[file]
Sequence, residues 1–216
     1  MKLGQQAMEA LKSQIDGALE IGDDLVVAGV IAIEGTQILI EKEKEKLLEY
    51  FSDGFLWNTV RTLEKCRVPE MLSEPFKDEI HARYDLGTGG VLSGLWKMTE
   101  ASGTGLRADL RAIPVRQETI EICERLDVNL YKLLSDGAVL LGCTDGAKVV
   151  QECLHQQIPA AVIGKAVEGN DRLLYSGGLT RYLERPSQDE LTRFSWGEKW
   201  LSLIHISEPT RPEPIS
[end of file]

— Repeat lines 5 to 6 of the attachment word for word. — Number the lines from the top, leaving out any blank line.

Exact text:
   151  QECLHQQIPA AVIGKAVEGN DRLLYSGGLT RYLERPSQDE LTRFSWGEKW
   201  LSLIHISEPT RPEPIS